burn in, break in

Would burn-in process (by playing a burn-in CD) help for speakers break in quicker?

What kind of music would help to reduce the overall burn in time? Rock, Jazz, orchestral music, ...?
Personally I prefer using all the above.

One caution though, break in discs like the one from Purist and Granite Audio are valuable tools but these programmed noises and sweeps can really press the limit of the system.

Just like breaking in a new car, sitting at idle, driving stop and go mixed in with highway speed make for a nice balance of forces. I believe mixes in choice of music program is good too.

I will say that as you get nearer and nearer to the magic number of hours on your speakers when most of the break in has been achieved, it is often necessary to play some really demanding, hard driving passages with powerful bass. This will have to be at both moderate and high sound pressure levels (at least for brief periods of time).

I would not go too crazy with test tone CD's burn in discs, especially when the speaks are brand new. Give them a slow start and work up. Everything is tight when new and there is only so much you can do to shorten the break in period.

You didn't mention speaker brand, but some of the really high quality drivers like those in Dynaudio, Kharma, Sound-Lab and the Dali Megaline require from 450 to 800 hours before they balance out sonically. The Dali and Kharma are slightly worse than Dynaudio and Sound-Lab at coming around.

You might post what brand and model speakers you bought. With luck, an Audiogon member has that identical model and will weigh in with their experience about how many hours theirs required.
I got Taylo 7U two days ago. It is used, about 2 years old.
Ty (the maker of Taylo speaker) told me that the drivers are brand new.
Ty hangs out here at Audiogon, why don't you email him with your question.

I'll bet a dollar to a doughnut that he can guide you better than anyone else on these forums.
Well, I would do.
He said the speaker needs some break-in due to the new drivers.
The thing is I've bothered him enough and I feel I'd rather do some homework by myself.

I've read somewhere that Tyler speakers need 200~300 hours of break-in. Since the speaker is used with brand new drivers, my guess is it may need 100~200 hours of break in.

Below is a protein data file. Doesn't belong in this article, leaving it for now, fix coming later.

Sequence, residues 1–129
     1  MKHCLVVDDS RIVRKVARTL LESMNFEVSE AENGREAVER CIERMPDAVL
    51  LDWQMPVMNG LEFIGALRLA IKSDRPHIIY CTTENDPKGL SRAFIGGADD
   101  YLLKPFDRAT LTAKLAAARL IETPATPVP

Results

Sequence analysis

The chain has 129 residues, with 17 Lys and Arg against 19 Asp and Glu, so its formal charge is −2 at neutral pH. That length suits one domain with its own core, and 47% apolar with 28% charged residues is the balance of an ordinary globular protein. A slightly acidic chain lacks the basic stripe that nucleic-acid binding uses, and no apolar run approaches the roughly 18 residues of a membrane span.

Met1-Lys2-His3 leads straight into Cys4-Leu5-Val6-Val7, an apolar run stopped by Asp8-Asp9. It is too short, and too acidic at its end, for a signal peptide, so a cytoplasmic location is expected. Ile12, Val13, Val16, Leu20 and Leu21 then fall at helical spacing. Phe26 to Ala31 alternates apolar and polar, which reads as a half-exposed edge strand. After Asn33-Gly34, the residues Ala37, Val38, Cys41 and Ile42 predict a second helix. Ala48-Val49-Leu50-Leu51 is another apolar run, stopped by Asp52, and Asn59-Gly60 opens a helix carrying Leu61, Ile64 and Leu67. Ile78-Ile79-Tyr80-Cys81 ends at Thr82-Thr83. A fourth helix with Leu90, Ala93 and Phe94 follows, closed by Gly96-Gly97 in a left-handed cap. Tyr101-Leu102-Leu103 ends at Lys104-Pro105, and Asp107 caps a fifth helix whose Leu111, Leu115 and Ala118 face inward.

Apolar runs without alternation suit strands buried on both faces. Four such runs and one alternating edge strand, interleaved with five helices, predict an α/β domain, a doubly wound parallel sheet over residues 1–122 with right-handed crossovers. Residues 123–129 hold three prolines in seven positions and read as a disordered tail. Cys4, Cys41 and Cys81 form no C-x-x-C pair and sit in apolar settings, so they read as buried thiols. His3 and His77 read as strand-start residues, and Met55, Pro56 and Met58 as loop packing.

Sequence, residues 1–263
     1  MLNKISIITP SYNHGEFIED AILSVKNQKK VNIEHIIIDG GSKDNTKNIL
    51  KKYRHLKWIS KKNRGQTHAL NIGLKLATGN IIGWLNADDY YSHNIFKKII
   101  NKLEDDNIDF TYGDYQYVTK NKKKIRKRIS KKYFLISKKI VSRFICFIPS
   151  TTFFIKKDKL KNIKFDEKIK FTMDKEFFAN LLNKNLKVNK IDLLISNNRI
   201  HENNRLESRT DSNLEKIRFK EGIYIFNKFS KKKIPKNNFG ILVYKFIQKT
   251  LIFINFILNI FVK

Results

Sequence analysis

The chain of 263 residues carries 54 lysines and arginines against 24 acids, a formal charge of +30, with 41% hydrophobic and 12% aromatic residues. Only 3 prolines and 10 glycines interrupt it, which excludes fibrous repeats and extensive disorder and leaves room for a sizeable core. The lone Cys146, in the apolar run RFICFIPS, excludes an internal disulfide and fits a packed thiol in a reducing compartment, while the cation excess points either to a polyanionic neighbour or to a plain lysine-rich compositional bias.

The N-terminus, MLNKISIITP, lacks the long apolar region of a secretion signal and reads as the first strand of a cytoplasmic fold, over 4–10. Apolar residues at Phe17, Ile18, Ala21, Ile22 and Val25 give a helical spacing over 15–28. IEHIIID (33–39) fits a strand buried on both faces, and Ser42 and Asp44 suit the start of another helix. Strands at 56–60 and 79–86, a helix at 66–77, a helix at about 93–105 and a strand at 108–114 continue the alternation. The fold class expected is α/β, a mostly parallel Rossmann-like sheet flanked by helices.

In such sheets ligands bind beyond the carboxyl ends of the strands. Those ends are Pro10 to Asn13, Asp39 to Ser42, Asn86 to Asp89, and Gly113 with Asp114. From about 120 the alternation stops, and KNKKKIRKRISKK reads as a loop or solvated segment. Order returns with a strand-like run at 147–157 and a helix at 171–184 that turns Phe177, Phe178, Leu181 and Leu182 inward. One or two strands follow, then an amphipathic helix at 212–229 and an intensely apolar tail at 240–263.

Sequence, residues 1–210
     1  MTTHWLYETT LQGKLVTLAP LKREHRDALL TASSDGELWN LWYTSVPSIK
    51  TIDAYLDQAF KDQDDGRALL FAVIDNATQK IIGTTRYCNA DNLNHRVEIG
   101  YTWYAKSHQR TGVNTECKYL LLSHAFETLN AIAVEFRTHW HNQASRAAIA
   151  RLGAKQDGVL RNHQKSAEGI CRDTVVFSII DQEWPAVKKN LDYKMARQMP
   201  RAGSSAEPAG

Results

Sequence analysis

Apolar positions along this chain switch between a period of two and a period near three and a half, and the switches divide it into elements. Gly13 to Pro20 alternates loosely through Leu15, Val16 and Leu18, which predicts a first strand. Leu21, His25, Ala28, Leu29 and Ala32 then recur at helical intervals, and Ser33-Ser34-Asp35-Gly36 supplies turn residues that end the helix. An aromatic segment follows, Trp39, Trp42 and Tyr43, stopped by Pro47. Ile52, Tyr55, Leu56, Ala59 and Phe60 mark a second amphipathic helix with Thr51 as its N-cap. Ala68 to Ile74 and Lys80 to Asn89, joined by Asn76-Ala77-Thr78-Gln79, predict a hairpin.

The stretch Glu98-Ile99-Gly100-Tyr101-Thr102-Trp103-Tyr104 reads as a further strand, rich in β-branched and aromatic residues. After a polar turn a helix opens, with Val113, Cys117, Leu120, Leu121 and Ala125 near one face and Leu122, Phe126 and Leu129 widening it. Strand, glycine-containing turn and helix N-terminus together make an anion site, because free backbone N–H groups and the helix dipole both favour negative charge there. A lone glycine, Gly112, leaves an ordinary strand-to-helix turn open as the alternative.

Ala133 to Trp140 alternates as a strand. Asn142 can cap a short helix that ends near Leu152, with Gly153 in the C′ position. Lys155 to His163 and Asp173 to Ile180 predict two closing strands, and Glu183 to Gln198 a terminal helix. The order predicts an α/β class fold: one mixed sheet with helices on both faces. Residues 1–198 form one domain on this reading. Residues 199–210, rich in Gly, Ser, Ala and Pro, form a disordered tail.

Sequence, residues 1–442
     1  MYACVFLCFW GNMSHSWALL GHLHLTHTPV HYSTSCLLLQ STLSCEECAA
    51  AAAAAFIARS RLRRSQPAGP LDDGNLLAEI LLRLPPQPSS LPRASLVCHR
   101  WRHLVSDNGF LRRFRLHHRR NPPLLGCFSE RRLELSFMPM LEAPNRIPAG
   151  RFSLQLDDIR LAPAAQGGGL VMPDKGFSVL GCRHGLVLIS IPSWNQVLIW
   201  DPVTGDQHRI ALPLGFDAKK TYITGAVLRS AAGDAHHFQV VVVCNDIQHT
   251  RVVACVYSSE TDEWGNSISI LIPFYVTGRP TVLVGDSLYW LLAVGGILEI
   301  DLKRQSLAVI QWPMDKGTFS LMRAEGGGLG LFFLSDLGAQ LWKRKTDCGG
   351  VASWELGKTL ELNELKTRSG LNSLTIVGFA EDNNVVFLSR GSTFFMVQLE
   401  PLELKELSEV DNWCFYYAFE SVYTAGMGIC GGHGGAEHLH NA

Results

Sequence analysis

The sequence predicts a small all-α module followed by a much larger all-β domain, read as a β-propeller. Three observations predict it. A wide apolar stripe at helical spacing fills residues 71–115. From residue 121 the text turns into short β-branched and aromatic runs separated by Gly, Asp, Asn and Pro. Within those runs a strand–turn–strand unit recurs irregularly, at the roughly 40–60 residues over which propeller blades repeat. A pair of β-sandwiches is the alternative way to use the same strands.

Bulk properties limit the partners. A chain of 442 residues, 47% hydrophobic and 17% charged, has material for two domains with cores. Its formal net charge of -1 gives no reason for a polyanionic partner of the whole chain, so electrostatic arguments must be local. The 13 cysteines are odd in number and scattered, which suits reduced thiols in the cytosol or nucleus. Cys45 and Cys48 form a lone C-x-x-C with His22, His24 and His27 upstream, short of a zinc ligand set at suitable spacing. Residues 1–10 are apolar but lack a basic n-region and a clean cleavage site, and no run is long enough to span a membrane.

I will try a mix of music.
How about the volume level?
My wife normally stays home (wind chill today is 10'F below zero), so I can only turn on the music with very modest volume. ;)

Many thanks for the advice.
As far as sound level I have read about swapping wires on one speaker so it is out of phase with the other then putting the speakers face to face. This creates a cancellation effect and allows you to add a little more volume without punishing your spouse.

Make sure you change the wire back before critical listening.
Good advice all around. Start slow and work your way up. On the other hand, just letting them purr along all day because your wife doesn't want to listen to them all day is a waste of electricity.

During break-in you are trying to loosen up the surround and the spider (inside) and you really don't do that with the 0.5mm excursions on the woofer at back-ground music levels. Better to push them harder for a couple of hours a day. Start slow, work your way up. Complete break-in may take hundreds of hours, but in most cases you'll find things sound pretty good after about 20 hours or so. They will improve with time but the improvements seem to get more incremental.

Perhaps the Tyler's are different, but I've broken in a couple of other SEAS driver speakers (Tyler uses SEAS woofers and tweeters) and you get pretty close after about a week or so of listening to them pretty hard for 2-3 hours a day.
You could play a cd on repeat ,or the radio, at a good volume all night while you sleep. This is what worked for my wife when I was breaking in a pair of speakers.